Setting hardwoods on fire requires about 1 MJ / m^2 this would be sufficient for many homes, but a crushed white rock roof would be mostly unaffected, perhaps 10 MJ / m^2 would be enough -- 200 sq meters would include most homes so you need 2000 MJ or 2GJ on target.

A car again is difficult determine what destroyed requires. Unlike on TV cars to not catch on fire or explode at the least provocation. To temporarily incapacitate a car via space laser, the softest target is probably the tires, could not find direct data, but I suspect 1 MJ / m^2 would ignite the tires most of the time, but since the tires are often shielded by the vehicle they would often not catch on fire until far beyond this point and in any case you could easily fix this. To destroy a car you need to get it hot enough to destroy vital components like electrical wiring or engine belts - though again belts are easily replaced. I believe if you can heat the car to 500 C you will destroy most of the wiring as well as other soft components (seals, etc). So, how much energy to raise a car temp by 500 C (it could be winter). Curb weight on a new Ford Exposition is up to about 6000 lbs, as a first order approximation lets model this as 2720 kg of iron. Iron has a heat capacity of 0.45 J/g/deg. So 2720 kg * 1000 g/kg * 500 deg = 612 MJ on target.

Tanks are a lot like cars, so I will use the similar assumptions but I will require 800 deg and 63,000 kg (Leopold 2) and I will need about 22.7 GJ on target.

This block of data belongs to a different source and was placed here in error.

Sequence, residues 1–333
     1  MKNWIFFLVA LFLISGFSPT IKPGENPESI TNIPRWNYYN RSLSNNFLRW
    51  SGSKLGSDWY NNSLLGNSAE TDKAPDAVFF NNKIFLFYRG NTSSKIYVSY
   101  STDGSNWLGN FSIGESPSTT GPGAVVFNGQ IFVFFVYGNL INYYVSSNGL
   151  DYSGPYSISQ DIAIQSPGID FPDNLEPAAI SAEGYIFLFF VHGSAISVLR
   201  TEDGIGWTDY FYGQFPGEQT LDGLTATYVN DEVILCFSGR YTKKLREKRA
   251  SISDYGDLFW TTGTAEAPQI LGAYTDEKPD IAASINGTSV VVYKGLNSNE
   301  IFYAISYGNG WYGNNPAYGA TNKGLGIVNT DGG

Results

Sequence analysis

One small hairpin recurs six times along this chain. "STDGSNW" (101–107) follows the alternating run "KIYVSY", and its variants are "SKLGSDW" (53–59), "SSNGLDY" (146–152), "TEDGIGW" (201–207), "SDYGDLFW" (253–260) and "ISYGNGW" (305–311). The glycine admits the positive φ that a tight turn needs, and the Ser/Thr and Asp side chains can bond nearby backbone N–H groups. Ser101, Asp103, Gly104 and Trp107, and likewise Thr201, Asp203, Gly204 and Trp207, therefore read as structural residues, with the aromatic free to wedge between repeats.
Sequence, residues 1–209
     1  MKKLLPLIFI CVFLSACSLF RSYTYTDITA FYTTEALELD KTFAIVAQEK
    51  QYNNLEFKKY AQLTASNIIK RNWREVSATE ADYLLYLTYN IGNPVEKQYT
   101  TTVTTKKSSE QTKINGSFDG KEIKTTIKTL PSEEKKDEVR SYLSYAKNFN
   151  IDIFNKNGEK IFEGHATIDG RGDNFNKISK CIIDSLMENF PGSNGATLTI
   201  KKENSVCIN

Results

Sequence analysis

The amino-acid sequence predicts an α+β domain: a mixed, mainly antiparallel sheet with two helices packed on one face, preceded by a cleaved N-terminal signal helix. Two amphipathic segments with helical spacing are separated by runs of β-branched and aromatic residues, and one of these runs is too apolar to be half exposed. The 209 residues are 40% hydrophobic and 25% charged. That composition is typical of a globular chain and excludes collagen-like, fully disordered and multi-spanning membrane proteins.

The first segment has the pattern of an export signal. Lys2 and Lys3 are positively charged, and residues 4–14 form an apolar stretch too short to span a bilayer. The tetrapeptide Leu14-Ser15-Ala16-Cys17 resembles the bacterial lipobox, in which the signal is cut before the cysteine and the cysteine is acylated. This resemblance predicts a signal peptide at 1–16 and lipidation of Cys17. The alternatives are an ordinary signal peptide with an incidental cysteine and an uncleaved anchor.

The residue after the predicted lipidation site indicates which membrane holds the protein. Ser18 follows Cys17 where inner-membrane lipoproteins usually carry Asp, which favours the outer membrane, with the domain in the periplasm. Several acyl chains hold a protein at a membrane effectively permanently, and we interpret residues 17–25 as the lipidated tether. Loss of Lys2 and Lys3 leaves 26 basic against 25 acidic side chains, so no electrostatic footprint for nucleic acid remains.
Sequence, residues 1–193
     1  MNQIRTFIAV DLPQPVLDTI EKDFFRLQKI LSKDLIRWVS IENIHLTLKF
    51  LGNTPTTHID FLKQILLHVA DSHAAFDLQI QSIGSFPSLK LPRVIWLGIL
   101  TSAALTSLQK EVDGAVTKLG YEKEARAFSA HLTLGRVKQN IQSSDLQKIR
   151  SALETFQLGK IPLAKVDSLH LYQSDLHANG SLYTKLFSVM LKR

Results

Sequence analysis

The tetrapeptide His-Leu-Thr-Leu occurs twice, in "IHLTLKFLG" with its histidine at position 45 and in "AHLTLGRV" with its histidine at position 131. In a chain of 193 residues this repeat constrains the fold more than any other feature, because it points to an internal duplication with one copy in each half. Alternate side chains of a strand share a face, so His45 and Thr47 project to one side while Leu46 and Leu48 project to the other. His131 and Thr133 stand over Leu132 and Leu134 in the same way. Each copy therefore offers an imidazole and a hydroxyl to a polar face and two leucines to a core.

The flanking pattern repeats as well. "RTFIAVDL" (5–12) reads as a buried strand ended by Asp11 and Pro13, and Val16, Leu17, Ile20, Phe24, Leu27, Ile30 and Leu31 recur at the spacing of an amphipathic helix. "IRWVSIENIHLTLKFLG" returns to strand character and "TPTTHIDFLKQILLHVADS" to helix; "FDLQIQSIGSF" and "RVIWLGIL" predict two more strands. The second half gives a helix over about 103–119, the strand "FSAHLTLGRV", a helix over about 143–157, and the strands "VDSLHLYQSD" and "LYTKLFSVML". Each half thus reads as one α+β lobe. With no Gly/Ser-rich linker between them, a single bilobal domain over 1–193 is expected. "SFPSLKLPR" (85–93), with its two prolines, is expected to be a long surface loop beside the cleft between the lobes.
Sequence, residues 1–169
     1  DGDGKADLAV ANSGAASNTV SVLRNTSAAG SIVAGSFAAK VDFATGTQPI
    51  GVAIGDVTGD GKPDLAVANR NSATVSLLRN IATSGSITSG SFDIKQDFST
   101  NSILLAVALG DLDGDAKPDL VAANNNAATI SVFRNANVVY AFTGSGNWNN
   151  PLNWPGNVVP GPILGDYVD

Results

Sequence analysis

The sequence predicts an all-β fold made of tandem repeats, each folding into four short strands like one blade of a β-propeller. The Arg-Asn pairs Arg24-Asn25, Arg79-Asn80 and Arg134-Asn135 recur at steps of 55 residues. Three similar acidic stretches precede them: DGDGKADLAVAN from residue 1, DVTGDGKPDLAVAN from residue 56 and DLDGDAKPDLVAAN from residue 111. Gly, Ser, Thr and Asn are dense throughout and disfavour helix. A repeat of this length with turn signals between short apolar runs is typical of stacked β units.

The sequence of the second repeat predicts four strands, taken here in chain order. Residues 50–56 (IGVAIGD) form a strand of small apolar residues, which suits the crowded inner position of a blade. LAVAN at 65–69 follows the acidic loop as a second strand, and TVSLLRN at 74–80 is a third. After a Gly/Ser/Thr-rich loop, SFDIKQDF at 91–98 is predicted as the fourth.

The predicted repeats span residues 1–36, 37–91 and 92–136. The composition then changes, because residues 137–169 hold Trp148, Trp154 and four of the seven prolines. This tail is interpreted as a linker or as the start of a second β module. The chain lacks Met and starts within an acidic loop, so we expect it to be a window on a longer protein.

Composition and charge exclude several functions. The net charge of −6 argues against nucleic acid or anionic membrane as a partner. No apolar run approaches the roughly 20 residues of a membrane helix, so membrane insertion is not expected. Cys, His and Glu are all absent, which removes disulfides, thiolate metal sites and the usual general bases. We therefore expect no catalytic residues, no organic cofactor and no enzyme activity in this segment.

Office building. Likely brick, stone, steel in construction. Again how much is enough to consider it destroyed? If you really want to be sure, you need to err on the high side. The Empire State building used 60,000 tons of steel, 200,000 cubic feet of limestone and granite, 10 million bricks and 730 tons of aluminum and stainless steel. To simplify, I will assume 200,000 cu ft of limestone and ignore the bricks and aluminum. How much does granite weigh about 2.75 g/cm^3 and a heat capacity of 0.19 J/g/deg. Total granite mass 15,600 long tones. For a 500 deg temperature rise I need 13,500 GJ for the steel plus 1,482 GJ for the granite or about 15 TJ to take out the empire state building. In actually fact, you don't heat up the lower floors in this case as the upper floors absorb nearly all of the heat. A 1 second pulse would need to essentially vaporize the upper part of the building in order to destroy. But that is not even enough as the vapor cloud itself would absorb and scatter a large percentage of the laser blast. A thousand times might be enough though.